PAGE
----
Whether you’re for it or against it, federal marijuana legalization is on the horizon. A recent Gallup poll stated that 58 percent of Americans now believe the plant should become legal nationwide. Over half of the states have legalized marijuana in some form, and others will vote on the subject within a year. With these statistics and 2016 being a presidential election year, federal marijuana legalization will likely occur in the United States in the near future.
What we don’t know is what effect it will have. Statisticians and politicians have placed Colorado — the poster child for marijuana reform — under a microscope as they try to predict the financial and social implications of the end of marijuana prohibition. Let’s take a look at the possible effects.
In the 2014-2015 fiscal year, Colorado collected almost 70 million dollars from recreational and medical marijuana taxes. The industry has also created over 10,000 new jobs, not including spin off employment in areas such as accounting and security. The legalization of cannabis has also boosted other areas of the economy — both real estate and ski tourism noted record years.
National legalization would most likely affect the high employment numbers in Colorado because marijuana is still classified as a schedule one drug, meaning all banking must currently be conducted in cash. This creates an overinflated security industry. Likewise, the boom in tourism would most likely drop back to the previous levels once the state is no longer the exception rather than the norm.
Prison System, Criminals and Crime
Prisons are big business in the United States, and marijuana contributes much to their livelihood. Approximately 50 percent of all federal prisoners are incarcerated for drug offences, and 27 percent of them involve marijuana offenses. The two largest private prison companies earn a combined 3.3 billion per year, and they also contribute heavily to political lobbies to keep politicians in their corner.
When marijuana becomes legal, these prison industries stand to lose roughly 12 percent of their income, so they have a vested interest in lobbying against marijuana reform. On the other hand, releasing those incarcerated for cannabis offenses will create a quagmire in unemployment, job training and housing. The stigma of having a past felony record for marijuana must be addressed at some point.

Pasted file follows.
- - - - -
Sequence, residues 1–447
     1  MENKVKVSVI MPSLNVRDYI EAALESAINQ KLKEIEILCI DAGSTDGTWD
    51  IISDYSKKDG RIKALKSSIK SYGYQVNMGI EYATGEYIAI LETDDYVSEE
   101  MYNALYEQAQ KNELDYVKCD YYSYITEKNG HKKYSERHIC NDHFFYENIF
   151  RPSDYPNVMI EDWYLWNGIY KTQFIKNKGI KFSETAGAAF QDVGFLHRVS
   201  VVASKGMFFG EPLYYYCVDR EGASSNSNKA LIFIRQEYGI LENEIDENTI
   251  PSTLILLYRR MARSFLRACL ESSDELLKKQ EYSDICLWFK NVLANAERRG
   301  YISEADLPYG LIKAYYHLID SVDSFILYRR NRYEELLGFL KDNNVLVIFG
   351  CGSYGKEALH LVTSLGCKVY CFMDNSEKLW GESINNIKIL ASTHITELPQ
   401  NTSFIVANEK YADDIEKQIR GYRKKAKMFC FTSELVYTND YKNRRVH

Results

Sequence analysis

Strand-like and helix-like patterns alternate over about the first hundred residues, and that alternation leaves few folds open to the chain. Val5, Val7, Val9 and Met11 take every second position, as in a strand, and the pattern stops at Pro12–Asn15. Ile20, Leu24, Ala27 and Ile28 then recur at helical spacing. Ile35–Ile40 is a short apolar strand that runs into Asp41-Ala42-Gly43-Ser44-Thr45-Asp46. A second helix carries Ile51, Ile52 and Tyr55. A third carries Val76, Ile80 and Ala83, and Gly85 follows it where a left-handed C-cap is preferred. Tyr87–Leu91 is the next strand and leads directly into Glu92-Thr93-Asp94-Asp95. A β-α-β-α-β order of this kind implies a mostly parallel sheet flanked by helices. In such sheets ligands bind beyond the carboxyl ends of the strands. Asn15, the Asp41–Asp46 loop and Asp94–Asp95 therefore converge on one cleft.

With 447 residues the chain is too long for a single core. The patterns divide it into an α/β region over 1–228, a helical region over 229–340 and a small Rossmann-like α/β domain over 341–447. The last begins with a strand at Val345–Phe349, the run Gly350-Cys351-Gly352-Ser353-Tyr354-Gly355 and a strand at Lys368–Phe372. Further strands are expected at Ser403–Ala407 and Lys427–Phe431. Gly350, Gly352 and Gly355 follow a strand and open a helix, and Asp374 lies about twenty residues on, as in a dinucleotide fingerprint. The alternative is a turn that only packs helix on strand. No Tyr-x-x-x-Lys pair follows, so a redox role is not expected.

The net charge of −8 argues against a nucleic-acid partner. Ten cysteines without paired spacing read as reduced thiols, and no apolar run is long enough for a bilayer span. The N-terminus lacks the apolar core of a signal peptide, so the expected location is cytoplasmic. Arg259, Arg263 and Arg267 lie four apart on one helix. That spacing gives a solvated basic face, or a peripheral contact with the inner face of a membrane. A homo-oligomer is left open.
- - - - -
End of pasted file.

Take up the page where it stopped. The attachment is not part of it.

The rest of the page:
Colorado has had many surprises from their new law, and one of them is the crime rate. Aside from the obvious drop in marijuana offenses, the city of Denver alone has had a drop of over 14 percent in overall crime, 14 percent in property crimes, and a 2.4 percent drop in violent crimes such as murder and assault.
Over $51,000,000,000 is spent each year in the war on drugs. In 2013 alone over 1.5 million people were arrested on drug charges — over half a million of them for marijuana. Legalization would allow the Drug Enforcement Agency and other law enforcement departments to focus on hard drugs such as heroin and cocaine, as well as the growing problem of pharmaceutical drug abuse.
Police departments will need to refocus their enforcement policies and budgets. For example, drug-sniffing dogs are trained to detect any type of drug, including marijuana. Also, smaller departments may rely on drug property confiscation for a large part of their budget and would need to refocus such goals.
Medicinal and Pharmaceutical Companies
Over 20 states have made marijuana legal for medicinal purposes, even though long-term research studies have been caught in a catch-22 because they’re not allowed to study an illegal drug. Still, the reports are staggering.
The National Cancer Institute released findings that state the properties in marijuana appear to kill cancer cells. Over 100 billion dollars were spent on cancer drugs last year, a staggering average of $100,000 per patient. Pharmaceutical companies have spent over five billion dollars lobbying Washington in the past 18 years, so is it any wonder the federal government is dragging its feet on marijuana legalization?
Citizens are finding relief from seizures, chronic pain, muscles spasms, and a slew of other aliments by using medical marijuana. Chemotherapy patients can fight nausea and loss of appetite, and several states have approved the use of medical marijuana for post-traumatic stress disorder (PTSD), which is affecting our returning veterans at a staggering rate.
Now that marijuana is fully legal in a handful of states, we can look for a steady stream of research and statistics to fill in the picture. Plus, it’s an election year. More states have legal marijuana on the upcoming ballot, and the clock is ticking down to the time the federal government will be forced to listen to the voice of the majority.
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